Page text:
Your own album. Your debut record and your debut in the world of music. And now, be completely honest — how easy or difficult it was to come to a moment as special as this?

I don’t think it’s easy for anyone, especially if it’s your first album. Even though I had so many people around me who helped, gave advice, and helped with tasks in the process, my team of musicians consisted of 16 people, myself not included, and, of course, it’s challenging to get these musicians all in one place. I’m not going to deny that I met many obstacles from which to learn during the creation of this album. The important thing is to recognize those obstacles as soon as possible, to react as quickly as possible, so they don’t turn into mistakes.

It wouldn’t be possible to create this album if you wouldn’t have had a helping hand — people who believe in you and are ready to support you in many different ways. Who were these people without whom you couldn’t imagine this process?

Yes, these people have a special role. For me, they were Aleksandra Line, who helped a lot in creating this album, morally and also working on this project as a project manager. Also, Evilena Protektore, who helped immensely with communication worldwide, and Vadims Kožins — by helping to realize it visually in CDs and books. A huge thank you goes to Ivars Ozols, of course, who put everything together musically. And the State Culture Capital Foundation, who gave their support and the possibility to release this album physically. And a special thank you to each and everyone who supported this album on the «Indiegogo» campaign! I’ve mentioned a much longer list of people I’m thankful to in my book — those who have helped me during all these years and in the making of this album. Financially, psychologically or in any way giving their support and help in all of it. It’s crucial what kind of people surround you in moments like these cause every advice, every experience you’ve taken in, or just their professional skills unequivocally gave me the strength to move on.

Like many other jazz musicians, you chose to release your album digitally and physically. Do you think that CDs still keep their invariable value or streaming options will overtake that completely? Why did you choose to have this album also in a physical CD form?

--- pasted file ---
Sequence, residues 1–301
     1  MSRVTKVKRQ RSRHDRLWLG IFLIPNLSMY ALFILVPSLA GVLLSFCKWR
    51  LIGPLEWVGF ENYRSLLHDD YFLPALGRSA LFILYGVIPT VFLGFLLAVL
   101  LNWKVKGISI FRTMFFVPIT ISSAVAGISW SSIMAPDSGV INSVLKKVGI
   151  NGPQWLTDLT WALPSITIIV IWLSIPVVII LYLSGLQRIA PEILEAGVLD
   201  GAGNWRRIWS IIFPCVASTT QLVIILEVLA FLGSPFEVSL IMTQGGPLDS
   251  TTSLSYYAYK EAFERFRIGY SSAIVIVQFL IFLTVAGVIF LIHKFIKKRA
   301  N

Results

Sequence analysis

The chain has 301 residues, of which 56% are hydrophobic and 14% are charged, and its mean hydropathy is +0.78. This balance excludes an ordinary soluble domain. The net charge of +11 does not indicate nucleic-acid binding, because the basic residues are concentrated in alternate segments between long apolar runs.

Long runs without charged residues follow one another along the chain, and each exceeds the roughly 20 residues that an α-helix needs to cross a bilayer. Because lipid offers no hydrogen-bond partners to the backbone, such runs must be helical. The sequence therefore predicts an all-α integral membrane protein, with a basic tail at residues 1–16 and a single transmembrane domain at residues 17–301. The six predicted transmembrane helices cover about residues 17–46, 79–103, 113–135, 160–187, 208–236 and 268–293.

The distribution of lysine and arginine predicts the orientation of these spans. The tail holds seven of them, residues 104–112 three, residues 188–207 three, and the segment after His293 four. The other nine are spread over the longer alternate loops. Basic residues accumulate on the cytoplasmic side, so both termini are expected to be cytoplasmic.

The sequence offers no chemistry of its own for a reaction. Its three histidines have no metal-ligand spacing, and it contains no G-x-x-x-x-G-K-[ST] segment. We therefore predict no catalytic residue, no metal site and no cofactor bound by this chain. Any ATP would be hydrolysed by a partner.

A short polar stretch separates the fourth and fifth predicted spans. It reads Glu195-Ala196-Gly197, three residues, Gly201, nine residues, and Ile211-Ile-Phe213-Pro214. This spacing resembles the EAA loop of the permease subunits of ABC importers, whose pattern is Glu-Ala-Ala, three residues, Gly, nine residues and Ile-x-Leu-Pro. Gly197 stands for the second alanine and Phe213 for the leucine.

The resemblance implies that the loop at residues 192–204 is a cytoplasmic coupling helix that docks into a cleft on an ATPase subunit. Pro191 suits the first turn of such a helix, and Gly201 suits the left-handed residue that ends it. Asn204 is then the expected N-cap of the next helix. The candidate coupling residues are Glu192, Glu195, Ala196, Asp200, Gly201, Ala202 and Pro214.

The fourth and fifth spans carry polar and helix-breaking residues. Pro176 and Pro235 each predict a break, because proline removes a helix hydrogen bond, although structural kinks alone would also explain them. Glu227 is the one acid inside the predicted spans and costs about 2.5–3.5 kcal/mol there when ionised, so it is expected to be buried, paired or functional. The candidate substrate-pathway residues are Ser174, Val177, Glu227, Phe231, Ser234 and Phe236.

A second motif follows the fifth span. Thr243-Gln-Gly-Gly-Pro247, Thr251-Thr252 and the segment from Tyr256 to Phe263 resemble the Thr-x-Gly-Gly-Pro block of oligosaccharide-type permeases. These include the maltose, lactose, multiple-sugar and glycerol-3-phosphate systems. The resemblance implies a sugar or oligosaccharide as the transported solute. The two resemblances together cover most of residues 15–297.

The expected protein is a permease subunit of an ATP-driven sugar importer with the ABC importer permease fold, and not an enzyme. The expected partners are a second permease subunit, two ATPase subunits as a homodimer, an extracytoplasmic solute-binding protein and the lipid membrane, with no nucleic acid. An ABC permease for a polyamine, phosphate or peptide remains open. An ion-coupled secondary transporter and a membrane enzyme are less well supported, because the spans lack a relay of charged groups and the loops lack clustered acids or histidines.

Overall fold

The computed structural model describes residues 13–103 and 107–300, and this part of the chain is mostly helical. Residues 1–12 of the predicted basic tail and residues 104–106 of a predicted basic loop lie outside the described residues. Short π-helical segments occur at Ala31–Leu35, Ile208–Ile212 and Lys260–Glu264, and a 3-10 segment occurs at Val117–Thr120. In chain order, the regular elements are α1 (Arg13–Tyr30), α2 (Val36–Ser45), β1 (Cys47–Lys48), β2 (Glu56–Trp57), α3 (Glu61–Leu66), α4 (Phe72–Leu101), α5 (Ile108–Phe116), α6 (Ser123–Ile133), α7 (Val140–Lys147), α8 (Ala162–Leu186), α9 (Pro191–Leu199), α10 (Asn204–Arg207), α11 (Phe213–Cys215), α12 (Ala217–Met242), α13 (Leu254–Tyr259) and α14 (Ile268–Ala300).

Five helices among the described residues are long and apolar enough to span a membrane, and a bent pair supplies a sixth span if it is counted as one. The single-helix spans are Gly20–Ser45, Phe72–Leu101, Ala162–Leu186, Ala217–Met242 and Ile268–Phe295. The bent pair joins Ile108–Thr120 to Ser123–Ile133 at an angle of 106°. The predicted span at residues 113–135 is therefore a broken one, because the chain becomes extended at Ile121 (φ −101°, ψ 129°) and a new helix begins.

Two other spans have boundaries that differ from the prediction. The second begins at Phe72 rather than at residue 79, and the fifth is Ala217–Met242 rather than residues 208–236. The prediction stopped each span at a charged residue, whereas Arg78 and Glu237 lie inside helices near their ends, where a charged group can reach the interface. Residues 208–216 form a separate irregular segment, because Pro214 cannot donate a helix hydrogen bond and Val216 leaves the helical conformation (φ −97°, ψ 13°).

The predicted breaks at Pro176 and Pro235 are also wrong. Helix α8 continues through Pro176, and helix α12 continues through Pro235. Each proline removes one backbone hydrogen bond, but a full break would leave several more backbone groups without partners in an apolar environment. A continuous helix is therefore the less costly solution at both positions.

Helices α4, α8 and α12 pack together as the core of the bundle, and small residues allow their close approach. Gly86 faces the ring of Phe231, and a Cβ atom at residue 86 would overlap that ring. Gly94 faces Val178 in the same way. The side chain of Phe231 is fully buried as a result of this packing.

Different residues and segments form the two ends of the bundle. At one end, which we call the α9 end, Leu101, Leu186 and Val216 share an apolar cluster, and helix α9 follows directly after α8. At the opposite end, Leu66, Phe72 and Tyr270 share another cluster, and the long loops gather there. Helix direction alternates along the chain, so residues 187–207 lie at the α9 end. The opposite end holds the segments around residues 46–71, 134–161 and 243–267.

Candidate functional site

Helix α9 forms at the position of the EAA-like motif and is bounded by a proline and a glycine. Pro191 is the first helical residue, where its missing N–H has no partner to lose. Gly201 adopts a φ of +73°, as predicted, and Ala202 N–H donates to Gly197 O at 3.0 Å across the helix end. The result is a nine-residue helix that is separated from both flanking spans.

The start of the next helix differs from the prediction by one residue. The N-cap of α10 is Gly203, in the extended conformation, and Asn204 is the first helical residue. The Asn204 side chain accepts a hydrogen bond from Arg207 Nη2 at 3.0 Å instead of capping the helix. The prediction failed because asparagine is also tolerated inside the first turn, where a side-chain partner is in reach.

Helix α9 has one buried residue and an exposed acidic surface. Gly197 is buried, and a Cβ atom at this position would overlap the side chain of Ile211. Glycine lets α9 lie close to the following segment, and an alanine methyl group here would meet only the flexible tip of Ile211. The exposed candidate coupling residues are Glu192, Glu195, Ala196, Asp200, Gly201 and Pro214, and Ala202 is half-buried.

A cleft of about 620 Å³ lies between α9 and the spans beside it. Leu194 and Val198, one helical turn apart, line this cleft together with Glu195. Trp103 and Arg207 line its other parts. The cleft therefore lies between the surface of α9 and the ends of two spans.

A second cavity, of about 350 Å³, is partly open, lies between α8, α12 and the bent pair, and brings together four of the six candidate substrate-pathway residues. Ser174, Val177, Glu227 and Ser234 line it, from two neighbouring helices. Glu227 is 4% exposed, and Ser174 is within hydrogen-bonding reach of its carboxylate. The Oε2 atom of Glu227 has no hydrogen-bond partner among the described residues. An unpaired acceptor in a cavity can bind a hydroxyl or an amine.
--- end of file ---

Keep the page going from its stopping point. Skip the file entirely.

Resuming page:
Primarily the reason is that it is my first album. I wanted it to be something that I can hold in my hands; besides, I believe that there are people who still care about that and still buy CDs in addition to streaming. Globally, of course, it seems that the CD itself is becoming less and less relevant. Yet, the good news is that vinyl is getting a comeback, which, in my opinion, is a positive thing cause, either way, we’re not losing the physical concept of music — the possibility to feel and see the hard work that’s been put in.

This album is your debut in many ways — as a jazz pianist and especially as a composer. How is it to share your original music? How different is it to perform jazz standard arrangements from performing your original compositions?

I’m not a fan of this «jazz pianist» category I’ve been put in, cause in a way, I don’t feel like one. Talking about the difference, even while performing jazz standards, I’m trying to put something in there from myself — when I’m playing in some concert or a jam session, if the idea isn’t to play it as authentically as possible, I’m approaching these moments compositionally as well in improvisation and in the arrangement. With time we all develop our own signature sound, things we like, things that define us and make us different from others.

About sharing my own music — it has never really been difficult for me, the opposite — that’s the magic in music. You give a glance of your emotions, and everyone, catching them, connects that with the ones familiar to them. In a way, I can weasel my way out of these private expressions hiding myself in music, especially if we’re talking about instrumental music — everyone gets the idea of the story, and each has their own events to fill that story with.

The most personal moment for me was recently when I started writing about these compositions in my book because many people have asked what they’re about. And in May, when performing at the National Library of Latvia, Anete Ašmane, who hosted the concert, started quoting me from this book, hearing my own words said out loud, I realized that now I’m out in the open and there’s nowhere to step back. I’m delighted that I wrote what I wrote and told these stories, cause, to be honest, I’ve always liked writing and also in this album, amongst Aleksandra Line’s text, there’s a composition with my lyrics — it’s not a lot, but it’s mine.

Speaking of song lyrics, how did you decide that you’ll include a role for a vocalist in your compositions? Cause, often enough, we see instrumentalists sticking to instrumental music. What made you act differently?

I don’t think I actually decided that my music needs vocals per se, but that my music needs Evilena’s voice specifically. That would be the right way to put it. Evilena and I quite regularly work together for about four years now, performing my music and hers, jazz standards, and pop music. I remember our first concert together at the «deciBels» festival concert «Ethno+Jazz.» When I heard her voice, I realized that that’s what I want in my music. «Jūriņ’ Šņāca, Jūriņ’ Krāca» and «Hiraeth» were the first compositions written with vocals, and later on, I added parts for Evilena to sing in the rest of the compositions and basically, you could say, I wrote these parts specifically for her.

In your album, we can see one composition in Latvian, the aforementioned «Jūriņ’ Šņāca, Jūriņ’ Krāca.» Why exactly this folk song? That’s also the only composition in Latvian that you’ve included.